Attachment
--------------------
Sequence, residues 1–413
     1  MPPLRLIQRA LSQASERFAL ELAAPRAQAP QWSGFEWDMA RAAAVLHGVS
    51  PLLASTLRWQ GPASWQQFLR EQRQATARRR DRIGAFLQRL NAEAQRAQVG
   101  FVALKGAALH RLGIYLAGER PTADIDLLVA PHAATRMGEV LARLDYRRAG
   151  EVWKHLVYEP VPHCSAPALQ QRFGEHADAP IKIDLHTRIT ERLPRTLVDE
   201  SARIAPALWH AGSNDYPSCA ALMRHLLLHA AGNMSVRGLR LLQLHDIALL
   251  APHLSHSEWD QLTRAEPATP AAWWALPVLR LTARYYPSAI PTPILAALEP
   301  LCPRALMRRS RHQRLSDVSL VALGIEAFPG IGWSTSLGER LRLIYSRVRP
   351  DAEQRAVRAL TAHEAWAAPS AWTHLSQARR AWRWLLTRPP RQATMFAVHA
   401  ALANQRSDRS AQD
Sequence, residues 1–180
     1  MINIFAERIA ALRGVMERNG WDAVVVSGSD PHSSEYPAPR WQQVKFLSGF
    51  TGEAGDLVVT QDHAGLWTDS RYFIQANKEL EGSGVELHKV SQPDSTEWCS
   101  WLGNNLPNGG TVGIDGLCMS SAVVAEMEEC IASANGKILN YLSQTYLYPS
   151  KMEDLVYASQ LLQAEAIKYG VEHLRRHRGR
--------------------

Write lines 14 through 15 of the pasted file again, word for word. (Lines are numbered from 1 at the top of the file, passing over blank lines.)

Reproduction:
   101  WLGNNLPNGG TVGIDGLCMS SAVVAEMEEC IASANGKILN YLSQTYLYPS
   151  KMEDLVYASQ LLQAEAIKYG VEHLRRHRGR